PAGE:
Meross Devices with local MQTT Broker - Cloudless

Hi everyone,

in the last few days I was struggeling a bit to get my Meross power strip (MSS425F) to work with openhab3, so I thought to write a quick tutorial how I got it to work. This solution runs locally without the need to connect to the meross Cloud.

First of all a big thanks to:

  • bytespider for his great work on the Meross solution, which allows to connect to a local mqtt broker. And his documentation for the mqtt config, link in the second post.
  • Colin Fitzpatrick for providing a tutorial over at

For my solution, I’m running a docker image of eclipse-mosquitto where my certificates are mounted and configured. The Meross power strip is then configured to use this broker for the communication. Openhab again can communicate as well with it and can send commands.

Configuring MQTT - Docker-Compose

For MQTT I’m using a simple docker service, which I run via compose. This will automatically deploy an MQTT broker and load the config from “./mqtt/config”

version: '3.5'
    image: eclipse-mosquitto:latest
    container_name: mqtt
    hostname: mqtt
    restart: unless-stopped
      - "./mqtt/config:/mosquitto/config"
      - "./mqtt/data:/mosquitto/data"
      - "./mqtt/log:/mosquitto/log"
      - "./mqtt/ssl:/ssl"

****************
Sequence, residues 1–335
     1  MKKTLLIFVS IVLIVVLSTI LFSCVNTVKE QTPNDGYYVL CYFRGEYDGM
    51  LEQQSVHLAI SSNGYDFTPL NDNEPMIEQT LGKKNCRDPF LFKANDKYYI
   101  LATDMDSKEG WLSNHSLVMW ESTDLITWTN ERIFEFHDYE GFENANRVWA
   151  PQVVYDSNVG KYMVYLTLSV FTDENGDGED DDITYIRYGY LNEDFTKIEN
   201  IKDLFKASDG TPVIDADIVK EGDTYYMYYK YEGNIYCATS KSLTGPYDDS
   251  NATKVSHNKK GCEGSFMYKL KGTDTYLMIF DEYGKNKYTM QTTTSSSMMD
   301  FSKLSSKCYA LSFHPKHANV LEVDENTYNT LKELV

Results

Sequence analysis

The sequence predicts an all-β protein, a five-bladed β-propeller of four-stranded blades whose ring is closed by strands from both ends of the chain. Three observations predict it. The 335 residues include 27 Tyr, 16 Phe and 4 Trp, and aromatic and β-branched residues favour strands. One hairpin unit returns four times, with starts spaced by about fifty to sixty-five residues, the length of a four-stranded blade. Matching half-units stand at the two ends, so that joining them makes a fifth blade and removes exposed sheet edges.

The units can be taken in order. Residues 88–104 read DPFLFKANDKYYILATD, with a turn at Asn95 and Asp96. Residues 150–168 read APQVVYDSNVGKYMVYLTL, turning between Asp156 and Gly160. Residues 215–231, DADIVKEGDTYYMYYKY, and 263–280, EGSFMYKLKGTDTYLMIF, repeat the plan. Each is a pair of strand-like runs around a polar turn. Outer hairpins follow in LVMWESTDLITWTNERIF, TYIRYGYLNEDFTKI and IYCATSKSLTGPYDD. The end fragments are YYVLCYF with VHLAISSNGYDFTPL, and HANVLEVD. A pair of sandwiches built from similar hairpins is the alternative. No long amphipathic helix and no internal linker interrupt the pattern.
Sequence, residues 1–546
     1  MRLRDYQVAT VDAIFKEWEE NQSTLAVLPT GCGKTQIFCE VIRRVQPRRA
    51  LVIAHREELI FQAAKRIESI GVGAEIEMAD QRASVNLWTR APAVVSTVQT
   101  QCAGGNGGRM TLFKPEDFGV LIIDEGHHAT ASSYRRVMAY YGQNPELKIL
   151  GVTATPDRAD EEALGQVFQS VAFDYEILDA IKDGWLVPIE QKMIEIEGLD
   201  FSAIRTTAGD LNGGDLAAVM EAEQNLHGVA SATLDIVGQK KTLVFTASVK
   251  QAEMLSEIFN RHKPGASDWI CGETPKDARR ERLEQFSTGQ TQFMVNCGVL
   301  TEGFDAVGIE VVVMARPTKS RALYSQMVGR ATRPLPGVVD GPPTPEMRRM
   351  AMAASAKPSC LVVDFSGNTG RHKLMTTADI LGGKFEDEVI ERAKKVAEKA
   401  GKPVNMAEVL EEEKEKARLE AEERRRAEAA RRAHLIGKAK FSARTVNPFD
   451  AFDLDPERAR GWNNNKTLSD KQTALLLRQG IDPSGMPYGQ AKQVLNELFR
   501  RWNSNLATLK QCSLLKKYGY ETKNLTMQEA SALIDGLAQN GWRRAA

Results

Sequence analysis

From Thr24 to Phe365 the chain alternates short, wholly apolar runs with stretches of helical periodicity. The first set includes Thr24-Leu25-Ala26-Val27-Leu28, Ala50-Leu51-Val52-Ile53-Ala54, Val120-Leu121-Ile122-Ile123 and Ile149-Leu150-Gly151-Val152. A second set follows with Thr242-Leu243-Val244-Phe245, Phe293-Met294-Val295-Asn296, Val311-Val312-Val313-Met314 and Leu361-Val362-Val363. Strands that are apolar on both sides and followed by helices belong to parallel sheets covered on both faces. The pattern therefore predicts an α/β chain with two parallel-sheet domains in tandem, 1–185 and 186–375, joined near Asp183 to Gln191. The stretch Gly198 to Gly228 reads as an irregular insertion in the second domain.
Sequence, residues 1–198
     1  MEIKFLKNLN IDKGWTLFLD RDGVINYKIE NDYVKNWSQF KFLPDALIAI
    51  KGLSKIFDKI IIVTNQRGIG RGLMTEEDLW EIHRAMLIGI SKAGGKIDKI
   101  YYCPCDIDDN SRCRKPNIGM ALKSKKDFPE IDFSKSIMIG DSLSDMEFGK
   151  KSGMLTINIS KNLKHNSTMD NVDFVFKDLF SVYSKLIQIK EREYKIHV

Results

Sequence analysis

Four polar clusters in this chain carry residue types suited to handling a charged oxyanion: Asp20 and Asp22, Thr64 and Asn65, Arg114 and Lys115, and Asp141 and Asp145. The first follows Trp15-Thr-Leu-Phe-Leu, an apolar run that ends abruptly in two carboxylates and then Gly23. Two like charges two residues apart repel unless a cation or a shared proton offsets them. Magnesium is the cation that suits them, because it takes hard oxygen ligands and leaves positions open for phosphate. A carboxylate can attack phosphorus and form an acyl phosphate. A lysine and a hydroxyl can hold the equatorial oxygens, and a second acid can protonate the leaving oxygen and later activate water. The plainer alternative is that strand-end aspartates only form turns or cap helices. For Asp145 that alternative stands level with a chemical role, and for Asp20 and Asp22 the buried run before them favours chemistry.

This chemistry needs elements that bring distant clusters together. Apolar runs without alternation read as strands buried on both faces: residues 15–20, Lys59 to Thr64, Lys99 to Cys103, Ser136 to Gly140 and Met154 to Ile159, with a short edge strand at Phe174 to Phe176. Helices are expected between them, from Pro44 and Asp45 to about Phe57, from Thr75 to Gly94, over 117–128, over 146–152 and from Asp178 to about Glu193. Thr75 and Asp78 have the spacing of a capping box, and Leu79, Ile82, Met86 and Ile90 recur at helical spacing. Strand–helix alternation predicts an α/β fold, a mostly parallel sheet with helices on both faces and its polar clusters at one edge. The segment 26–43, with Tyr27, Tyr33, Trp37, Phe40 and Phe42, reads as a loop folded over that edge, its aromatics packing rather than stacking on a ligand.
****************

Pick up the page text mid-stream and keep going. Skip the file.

- "1883:1883"
      - "8883:8883"

Since this broker runs only locally and has no contact to the internet, I kept the config as simple as possible.

listener 8883
port 1883
allow_anonymous true
require_certificate false
# replace with your CA Root
cafile /ssl/ca.crt
# replace with your server certificate and key paths
certfile /ssl/broker.crt
keyfile /ssl/broker.key

I’ve also created a simple bash script, which will create a new certificate once a week, so I do not have to care to much about the certificate and probably forget about it in the 360 days lifetime of it.

#!/usr/bin/env bash
cd /opt/containers
docker stop mqtt

# ca
openssl genrsa   -out $ssldir/ca.key   2048
openssl req   -new   -x509   -days 1826   -key $ssldir/ca.key   -out $ssldir/ca.crt   -subj "/CN=MQTT CA"

# broker
openssl genrsa   -out $ssldir/broker.key   2048
openssl req   -new   -out $ssldir/broker.csr   -key $ssldir/broker.key   -subj "/CN=broker"
openssl x509   -req   -in $ssldir/broker.csr   -CA $ssldir/ca.crt   -CAkey $ssldir/ca.key   -CAcreateserial   -out $ssldir/broker.crt   -days 360

docker start mqtt

And created a cronjob for it

00 22 * * 7 /opt/containers/mqtt/

Now we can take the broker up.

docker-compose up -d

We can test and see if the broker is running on one shell run

docker exec -ti mqtt mosquitto_sub -h localhost -t '#' -t '/#' -v

and in another shell

mosquitto_pub -h localhost -t "test" -m "message"

If you see the message on the first shell everything is fine :slight_smile:

Install dependencies

For the following procedure you need a computer with wifi and a working npm >= 12 installation. There are plenty of tutorials online.